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Publication numberUS6965292 B2
Publication typeGrant
Application numberUS 10/652,357
Publication dateNov 15, 2005
Filing dateAug 29, 2003
Priority dateAug 29, 2003
Fee statusPaid
Also published asUS20050046539
Publication number10652357, 652357, US 6965292 B2, US 6965292B2, US-B2-6965292, US6965292 B2, US6965292B2
InventorsRonald Ciarcia, Ananthram Subramanian, Macha Narender, Luis Brignoni, Samuel Kim, Paul Lafferty
Original AssigneeGeneral Electric Company
Export CitationBiBTeX, EndNote, RefMan
External Links: USPTO, USPTO Assignment, Espacenet
Isolation cap and bushing for circuit breaker rotor assembly
US 6965292 B2
Abstract
An electrically isolated rotor assembly for a cassette assembly of a circuit breaker includes a rotor having a first side and an opposing second side, a first isolation cap disposed on the first side, a second isolation cap disposed on the second side. Each isolation cap preferably includes a centrally located knob with a bushing surrounding each knob, wherein the bushings are sized for securement within apertures within first and second cassette half pieces.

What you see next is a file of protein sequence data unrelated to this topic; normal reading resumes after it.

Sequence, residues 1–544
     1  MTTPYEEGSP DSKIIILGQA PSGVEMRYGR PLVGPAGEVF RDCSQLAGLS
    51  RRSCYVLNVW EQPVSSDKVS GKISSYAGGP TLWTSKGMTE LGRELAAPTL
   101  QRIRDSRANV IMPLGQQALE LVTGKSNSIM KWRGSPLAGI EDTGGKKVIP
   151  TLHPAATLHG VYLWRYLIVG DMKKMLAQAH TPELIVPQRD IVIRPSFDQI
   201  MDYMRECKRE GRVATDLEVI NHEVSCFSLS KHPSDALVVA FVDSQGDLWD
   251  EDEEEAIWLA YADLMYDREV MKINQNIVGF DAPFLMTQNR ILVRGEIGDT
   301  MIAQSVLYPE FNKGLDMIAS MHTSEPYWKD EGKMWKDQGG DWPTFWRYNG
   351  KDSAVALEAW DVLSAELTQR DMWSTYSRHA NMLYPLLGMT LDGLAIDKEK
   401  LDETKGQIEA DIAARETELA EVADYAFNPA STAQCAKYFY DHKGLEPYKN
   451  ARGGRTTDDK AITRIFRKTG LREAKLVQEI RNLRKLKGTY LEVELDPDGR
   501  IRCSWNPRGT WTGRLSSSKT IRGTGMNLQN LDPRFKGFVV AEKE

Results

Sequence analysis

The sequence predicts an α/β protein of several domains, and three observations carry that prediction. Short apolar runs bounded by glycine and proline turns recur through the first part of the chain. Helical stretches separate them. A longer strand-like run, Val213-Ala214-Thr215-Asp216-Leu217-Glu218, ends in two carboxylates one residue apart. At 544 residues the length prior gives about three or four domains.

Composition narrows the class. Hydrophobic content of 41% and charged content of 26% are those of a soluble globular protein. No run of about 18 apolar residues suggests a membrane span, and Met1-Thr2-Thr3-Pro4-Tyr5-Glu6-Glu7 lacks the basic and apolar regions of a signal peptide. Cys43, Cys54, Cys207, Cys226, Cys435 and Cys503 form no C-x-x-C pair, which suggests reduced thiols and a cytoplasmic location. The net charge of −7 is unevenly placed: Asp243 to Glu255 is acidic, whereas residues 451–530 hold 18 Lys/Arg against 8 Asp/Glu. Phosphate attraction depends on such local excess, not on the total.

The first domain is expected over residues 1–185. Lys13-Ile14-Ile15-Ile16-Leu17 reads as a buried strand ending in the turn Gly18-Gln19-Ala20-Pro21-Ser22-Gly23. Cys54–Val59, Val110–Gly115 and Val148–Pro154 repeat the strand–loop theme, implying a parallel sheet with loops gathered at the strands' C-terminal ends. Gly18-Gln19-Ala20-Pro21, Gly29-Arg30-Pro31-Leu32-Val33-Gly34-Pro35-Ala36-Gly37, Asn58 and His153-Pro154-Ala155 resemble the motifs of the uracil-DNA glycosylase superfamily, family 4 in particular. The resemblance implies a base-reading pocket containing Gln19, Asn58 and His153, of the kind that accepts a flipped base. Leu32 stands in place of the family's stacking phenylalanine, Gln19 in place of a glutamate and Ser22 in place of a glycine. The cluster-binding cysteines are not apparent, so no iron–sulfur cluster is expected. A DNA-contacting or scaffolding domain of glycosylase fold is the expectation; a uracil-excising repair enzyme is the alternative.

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Claims(21)
1. An assembly for a circuit breaker, the assembly comprising:
a rotor having a first side and an opposing second side, an aperture in the rotor for receiving a rotor pin;
a first isolation cap disposed on the first side;
a second isolation cap disposed on the second side, each isolation cap including an interiorly protruding pipe extending at least partially within the aperture; and,
means for preventing dislocation of the first and second isolation caps from the rotor during rotation of the rotor.
2. The assembly of claim 1 further comprising:
a first cassette half piece having an interior surface, a first aperture formed on the interior surface;
a second cassette half piece having an interior surface facing the interior surface of the first cassette half piece;
the rotor, first isolation cap, and second isolation cap trapped between the first and second cassette half pieces.
3. The assembly of claim 2 wherein the first isolation cap includes a first centrally located knob facing the first cassette half piece, the assembly further comprising a first bushing surrounding the first knob, wherein the first bushing is sized for securement within the first aperture within the first cassette half piece and wherein the rotor is rotatable within the assembly about a pivot created by the first bushing, first knob, and first aperture.
4. The assembly of claim 3 wherein the first bushing is made from a material distinct and different than a material forming the first isolation cap, the material forming the first bushing has a lower coefficient of friction than the material forming the first isolation cap.